U.S. Rep. Joseph Kennedy opens campaign office in Roxbury
U.S. Rep. Joe Kennedy III, running for the Senate seat currently occupied by Ed Markey, opened a campaign office on Dudley Street Saturday, Jan 18.
“From the beginning of this campaign, our promise has been that we are going to show up,” Kennedy said to an audience of political activists and elected officials who assembled in the storefront office near the intersection with Warren Street. “We’re going to show up over and over again until you are sick of seeing us and hearing from our team.”
Kennedy has represented the 4th Congressional District since Barney Frank vacated the seat in 2013, the same year Markey was voted into the Senate after representing the 5th Congressional District for nearly 40 years.
The opening of his campaign office comes as Democrats gear up for the February and March ward committee caucuses, during which delegates to the state convention are elected. As supporter Ramon Soto told Kennedy supporters Saturday, the campaign will be competing with Markey for the party nomination during the May 30 convention. Campaigns typically pack ward caucuses to make sure they elect enough delegates to secure the 15% of the vote necessary to appear on the Democratic primary ballot.
“Every one of you will get followed up with by someone on the team,” Soto told the gathering.
While Markey has racked up endorsements from a considerable portion of the Democratic party apparatus, including 116 legislators, labor unions and U.S. Sen. Elizabeth Warren, Kennedy displayed a slice of Boston-area support during his Roxbury office opening. Present were Suffolk County Sheriff Steve Tompkins, state Sen. Joseph Boncore, state Rep. Jon Santiago and City Councilors Kim Janey and Matt O’Malley. Kennedy also last week picked up an endorsement from U.S. Rep. and veteran civil rights activist John Lewis of Georgia.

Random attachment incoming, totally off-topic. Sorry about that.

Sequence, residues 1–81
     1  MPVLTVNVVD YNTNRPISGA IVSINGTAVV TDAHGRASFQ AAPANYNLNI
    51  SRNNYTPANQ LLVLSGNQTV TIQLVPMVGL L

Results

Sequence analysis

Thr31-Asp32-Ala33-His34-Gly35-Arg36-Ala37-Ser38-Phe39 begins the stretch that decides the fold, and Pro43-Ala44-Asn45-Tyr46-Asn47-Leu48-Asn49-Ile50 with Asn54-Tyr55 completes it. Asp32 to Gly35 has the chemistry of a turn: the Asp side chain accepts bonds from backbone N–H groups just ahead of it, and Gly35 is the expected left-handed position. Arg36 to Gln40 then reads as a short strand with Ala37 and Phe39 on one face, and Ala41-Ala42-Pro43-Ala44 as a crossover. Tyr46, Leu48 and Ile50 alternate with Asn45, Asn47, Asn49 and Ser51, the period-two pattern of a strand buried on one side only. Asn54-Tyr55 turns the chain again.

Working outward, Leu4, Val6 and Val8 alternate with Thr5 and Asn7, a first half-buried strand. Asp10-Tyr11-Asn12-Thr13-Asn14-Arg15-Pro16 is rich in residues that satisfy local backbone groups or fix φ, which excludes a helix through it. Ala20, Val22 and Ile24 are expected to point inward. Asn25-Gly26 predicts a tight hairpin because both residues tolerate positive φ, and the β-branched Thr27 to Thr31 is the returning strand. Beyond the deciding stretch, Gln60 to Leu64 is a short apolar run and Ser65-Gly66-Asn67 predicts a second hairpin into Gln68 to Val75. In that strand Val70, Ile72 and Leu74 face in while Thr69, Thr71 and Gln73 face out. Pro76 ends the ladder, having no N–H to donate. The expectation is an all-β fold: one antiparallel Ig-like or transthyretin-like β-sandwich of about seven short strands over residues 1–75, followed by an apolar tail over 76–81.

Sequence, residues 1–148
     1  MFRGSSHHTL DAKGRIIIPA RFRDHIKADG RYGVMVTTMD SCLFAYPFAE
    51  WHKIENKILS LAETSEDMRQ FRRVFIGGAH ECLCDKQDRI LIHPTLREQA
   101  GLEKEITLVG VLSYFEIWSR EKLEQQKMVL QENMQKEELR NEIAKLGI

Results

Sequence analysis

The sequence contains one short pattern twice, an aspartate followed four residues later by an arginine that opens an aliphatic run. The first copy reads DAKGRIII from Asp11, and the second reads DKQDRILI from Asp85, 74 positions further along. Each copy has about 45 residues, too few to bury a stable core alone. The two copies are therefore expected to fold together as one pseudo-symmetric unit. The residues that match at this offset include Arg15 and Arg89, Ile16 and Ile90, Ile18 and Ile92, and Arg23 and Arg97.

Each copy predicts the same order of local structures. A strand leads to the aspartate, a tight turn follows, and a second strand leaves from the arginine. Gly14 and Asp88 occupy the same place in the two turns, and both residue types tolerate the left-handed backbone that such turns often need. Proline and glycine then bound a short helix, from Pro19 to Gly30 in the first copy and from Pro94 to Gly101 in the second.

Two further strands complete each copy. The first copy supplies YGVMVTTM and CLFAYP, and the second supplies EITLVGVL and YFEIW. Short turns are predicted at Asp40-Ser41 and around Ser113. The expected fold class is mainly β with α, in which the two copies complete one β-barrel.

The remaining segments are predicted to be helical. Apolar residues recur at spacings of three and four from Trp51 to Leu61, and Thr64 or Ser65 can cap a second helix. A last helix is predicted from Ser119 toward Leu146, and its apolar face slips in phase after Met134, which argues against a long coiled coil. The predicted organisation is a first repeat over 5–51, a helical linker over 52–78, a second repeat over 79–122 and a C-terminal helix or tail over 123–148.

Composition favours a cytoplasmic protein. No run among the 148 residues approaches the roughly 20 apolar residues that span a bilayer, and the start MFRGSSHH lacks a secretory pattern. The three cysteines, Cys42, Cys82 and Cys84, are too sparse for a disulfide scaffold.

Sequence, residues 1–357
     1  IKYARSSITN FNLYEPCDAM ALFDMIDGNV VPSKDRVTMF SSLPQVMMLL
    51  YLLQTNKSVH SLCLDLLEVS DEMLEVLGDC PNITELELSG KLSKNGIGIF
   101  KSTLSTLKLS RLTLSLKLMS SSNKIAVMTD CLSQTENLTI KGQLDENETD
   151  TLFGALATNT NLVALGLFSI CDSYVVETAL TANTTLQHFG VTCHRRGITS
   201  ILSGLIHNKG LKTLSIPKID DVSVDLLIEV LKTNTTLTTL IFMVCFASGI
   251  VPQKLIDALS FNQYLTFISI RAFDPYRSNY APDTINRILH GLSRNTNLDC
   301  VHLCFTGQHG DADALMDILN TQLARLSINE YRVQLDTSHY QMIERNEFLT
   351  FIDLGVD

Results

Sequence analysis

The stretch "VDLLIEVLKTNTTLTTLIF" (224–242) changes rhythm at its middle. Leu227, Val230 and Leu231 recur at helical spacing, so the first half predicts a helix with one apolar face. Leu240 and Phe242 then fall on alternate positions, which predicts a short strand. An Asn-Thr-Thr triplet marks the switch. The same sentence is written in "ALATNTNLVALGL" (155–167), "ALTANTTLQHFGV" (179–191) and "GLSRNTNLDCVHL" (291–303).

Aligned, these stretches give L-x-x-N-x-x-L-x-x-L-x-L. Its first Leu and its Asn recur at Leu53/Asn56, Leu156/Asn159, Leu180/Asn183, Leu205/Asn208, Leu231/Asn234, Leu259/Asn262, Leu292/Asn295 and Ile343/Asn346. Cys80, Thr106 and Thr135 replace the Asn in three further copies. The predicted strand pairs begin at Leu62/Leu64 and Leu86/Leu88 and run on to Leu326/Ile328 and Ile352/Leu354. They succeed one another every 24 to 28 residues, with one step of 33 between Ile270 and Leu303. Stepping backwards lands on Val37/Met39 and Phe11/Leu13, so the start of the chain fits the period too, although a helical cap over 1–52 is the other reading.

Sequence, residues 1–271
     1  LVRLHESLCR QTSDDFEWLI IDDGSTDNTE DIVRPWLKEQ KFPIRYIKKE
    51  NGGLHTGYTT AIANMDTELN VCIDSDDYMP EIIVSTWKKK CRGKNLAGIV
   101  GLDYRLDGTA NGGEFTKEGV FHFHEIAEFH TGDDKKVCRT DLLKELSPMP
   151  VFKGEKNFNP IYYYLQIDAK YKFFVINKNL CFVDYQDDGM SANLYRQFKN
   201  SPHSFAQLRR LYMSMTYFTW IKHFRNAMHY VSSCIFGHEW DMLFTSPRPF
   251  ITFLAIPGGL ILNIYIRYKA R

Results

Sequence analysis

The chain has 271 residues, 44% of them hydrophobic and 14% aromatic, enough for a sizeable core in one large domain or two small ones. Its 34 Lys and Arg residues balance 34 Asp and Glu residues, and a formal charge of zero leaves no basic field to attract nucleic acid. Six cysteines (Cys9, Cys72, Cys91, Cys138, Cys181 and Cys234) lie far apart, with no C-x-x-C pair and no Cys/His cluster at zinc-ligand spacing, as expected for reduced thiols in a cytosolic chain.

Kennedy entered what was then a four-way race in August and reports $5.5 million in his campaign war chest, significantly more than the $4.4 million Markey has. Kennedy’s entrance shook up the field. In October, Democratic businessman Steve Pemberton dropped out of the race. Last week, labor lawyer Shannon Liss-Riordan dropped out, leaving Kennedy and Markey in a two-way battle.
While Markey is engrossed in the impeachment proceedings in the nation’s capital, Kennedy has maintained a brisk pace on the campaign trail, holding a town hall meeting on Sunday in Springfield, where he touted endorsements from six city councilors. The stop was one of 14 town hall meetings Kennedy has planned for January.
Much like the 2018 race for the 7th Congressional District between Ayanna Pressley and incumbent Michael Capuano, Kennedy and Markey differ more in style than in substance. Kennedy would have difficulty running to the left of Markey, who co-authored the Green New Deal with New York Rep. Alexandria Ocasio-Cortez and received endorsements from her and from the group Massachusetts Peace Action.
Santiago, who mounted a successful challenge to longstanding state Rep. Byron Rushing in 2018, told supporters the current political climate calls for a change in leadership.
“With all respect to Ed Markey, this is a new era,” he said. “It’s going to require new energy and new ideas.”
In his address to the Roxbury gathering, Kennedy said the urgency of the current political moment prompted him to enter the race.
“At a time when people doubt government — what our intent is and what the point can be — it’s about making sure that you know there’s someone who’s going to be there and fight for you day in and day out,” he said. “At this time, when there’s such urgency, when so many of the people and the causes we care about are on the line, it’s a baseline responsibility that you can expect.”
Key Boston-area campaign staff and volunteers for Kennedy include former aide to Framingham Mayor Yvonne Spicer Jacquetta Van Zandt, communications executive Colette Phillips, schoolteacher and former District 9 City Council candidate Brandon Bowser and former city worker and District 5 Council candidate Alkia Powell. Others in attendance at the Saturday office opening event included political activists Shirley Shillingford and Anthony Brewer.